By performing such an air strike, you have squandered the fodder you desperately need to defend against the superior naval task force.

    But if the US player is trying to gain naval dominance of the Pacific then he has more destroyers and subs arriving at the end of the turn.  In this case, it was a turn 3 strike on the IJN based on what I would have at Hawaii at the end of my turn 2 if I were going all out to take over the Pacific (which the US can do).  What I would have arriving from turn 3 builds would actually be a 3rd CV and a destroyer.  So what the rememnants of the IJN would actually be facing on their turn would be 3 CVs, 6 fighters, and 1 DD.  They can’t attack that and must return to Japan to build navy.  To catch back up, which means they are not building ground units for India.  I also would actually attacked with 2 more bombers from Hawaii and probably hurt the IJN even more than in the example.  I was being as conservative as possible in estimations like that.  If the US is set up like this and uses a sacrificial transport to take Phillipines on turn 2, Japan can’t take it back that turn.  It might look like they can, but the air strike will lose them the pacific 2 or 3 turns down the road if they do.  The air strike is very powerful against an “unprotected” fleet.

    I agree with the poster who said that DDs are better defensive units than Subs.  The US focuses more on subs, while Japan should be more focused on destroyers… but Japan should match a sub to each plane, to theaten their own air strikes as well.  “Fleet subs” are simply a part of the carrier strike wing, at least that’s how you should think of them.  They are defensive during an airstrike, but almost useless cannon fodder when the full fleets meet in the same space.  You might actually think of “Fleet Subs” as your carrier’s torpedo bombers, and the fighters as the dive bombers.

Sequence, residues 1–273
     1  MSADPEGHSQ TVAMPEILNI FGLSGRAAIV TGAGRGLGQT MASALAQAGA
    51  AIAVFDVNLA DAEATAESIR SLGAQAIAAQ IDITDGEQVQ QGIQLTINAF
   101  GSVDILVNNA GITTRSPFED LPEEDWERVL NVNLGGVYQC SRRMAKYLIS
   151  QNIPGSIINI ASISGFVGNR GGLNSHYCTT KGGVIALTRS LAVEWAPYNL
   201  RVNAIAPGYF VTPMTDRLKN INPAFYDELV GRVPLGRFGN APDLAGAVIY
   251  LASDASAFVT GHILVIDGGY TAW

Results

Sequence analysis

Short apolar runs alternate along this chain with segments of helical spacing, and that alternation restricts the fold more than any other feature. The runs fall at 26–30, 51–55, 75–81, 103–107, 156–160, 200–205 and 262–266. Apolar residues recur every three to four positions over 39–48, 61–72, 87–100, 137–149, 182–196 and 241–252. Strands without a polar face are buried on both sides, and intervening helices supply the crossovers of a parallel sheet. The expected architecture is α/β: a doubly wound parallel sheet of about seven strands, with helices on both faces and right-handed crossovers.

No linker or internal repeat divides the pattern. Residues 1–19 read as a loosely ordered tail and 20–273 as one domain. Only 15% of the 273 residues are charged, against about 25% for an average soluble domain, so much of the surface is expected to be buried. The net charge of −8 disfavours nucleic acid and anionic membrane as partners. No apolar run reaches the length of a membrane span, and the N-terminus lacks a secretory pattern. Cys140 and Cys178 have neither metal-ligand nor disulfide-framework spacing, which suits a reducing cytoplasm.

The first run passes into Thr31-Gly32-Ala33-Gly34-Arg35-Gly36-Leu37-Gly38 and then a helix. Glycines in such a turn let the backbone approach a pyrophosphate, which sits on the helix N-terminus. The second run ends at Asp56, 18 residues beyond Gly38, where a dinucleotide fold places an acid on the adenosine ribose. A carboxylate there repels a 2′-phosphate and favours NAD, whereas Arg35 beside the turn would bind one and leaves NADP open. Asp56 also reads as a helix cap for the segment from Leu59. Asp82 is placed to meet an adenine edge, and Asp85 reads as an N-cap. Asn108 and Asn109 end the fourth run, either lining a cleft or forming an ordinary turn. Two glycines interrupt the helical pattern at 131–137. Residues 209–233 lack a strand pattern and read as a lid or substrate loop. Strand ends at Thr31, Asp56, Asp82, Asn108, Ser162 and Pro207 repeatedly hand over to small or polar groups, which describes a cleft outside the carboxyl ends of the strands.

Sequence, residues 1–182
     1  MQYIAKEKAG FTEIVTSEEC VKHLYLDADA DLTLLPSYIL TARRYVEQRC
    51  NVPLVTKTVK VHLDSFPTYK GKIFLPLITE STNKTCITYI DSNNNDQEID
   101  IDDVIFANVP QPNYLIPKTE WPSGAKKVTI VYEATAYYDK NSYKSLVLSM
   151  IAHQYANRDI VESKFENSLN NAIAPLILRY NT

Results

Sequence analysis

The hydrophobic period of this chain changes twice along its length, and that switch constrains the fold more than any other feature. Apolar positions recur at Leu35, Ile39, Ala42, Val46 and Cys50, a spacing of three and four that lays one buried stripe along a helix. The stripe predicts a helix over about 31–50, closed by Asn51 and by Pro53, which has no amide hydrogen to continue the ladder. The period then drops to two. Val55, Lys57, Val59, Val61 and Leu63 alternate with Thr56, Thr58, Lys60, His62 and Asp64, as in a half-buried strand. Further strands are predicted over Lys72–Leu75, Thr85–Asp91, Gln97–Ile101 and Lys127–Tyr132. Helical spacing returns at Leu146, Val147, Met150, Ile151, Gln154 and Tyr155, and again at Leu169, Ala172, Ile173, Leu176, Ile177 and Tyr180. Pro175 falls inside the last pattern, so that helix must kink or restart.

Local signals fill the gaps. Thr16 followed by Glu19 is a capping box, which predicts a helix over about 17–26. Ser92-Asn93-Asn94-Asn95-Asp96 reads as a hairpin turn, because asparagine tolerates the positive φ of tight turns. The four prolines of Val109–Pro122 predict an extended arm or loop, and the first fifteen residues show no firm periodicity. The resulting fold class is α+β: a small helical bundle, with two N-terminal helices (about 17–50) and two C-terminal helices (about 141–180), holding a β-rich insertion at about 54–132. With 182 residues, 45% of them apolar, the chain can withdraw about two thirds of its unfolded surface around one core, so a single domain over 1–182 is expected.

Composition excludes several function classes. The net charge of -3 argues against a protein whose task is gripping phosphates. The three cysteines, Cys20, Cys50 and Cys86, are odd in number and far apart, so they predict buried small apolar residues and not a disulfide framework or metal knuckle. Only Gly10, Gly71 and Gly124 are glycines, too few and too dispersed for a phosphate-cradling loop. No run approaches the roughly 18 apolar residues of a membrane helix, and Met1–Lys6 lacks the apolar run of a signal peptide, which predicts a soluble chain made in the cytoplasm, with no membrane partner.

Finally, not just in navy but in ground combat as well, IPCs are not the whole story.  Position and situation are equally important to economics.  The US trading a sub for a fighter with Japan, for example, is worth a lot more to the US than the 4 IPC difference that trade represents.  The US can afford to build lots of subs, Japan cannot afford to build lots of planes.  The US has no pressing goal other than defeating the IJN, Japan needs to save Germany through India or their side will probably lose.  Japanese units are just more valuable that US units are, due to the situation.  Another example of this concept can be found in Germany.  Germany’s greatest difficulty in defeating Russia is a lack of Infantry on the front lines (this is why I consider Mech Inf the best tech Germany can get).  An infantry in East Poland is simply worth more than an infantry in Germany is.  I’d say as a rule-of-thumb guideline you might say that, too Germany, and infantry is worth +1 IPC for each space between it and Germany.

    The fleet is a lot more important to Japan than it’s actual IPC value, so anytime the US is killing Japanese naval units they are hurting Japan much more than the IPC value of the units destroyed.  This is not the case with the US, who’s only pressing goal is to gain naval dominance in the pacific and get the UK’s NO’s for them.  All they want to build is navy, Japan hopes to build as little navy as possible.  This makes trading naval and air units a good deal for the US, such a good deal for them that it is usually worth it to the US to lose 4 units if it means Japan will lose 2.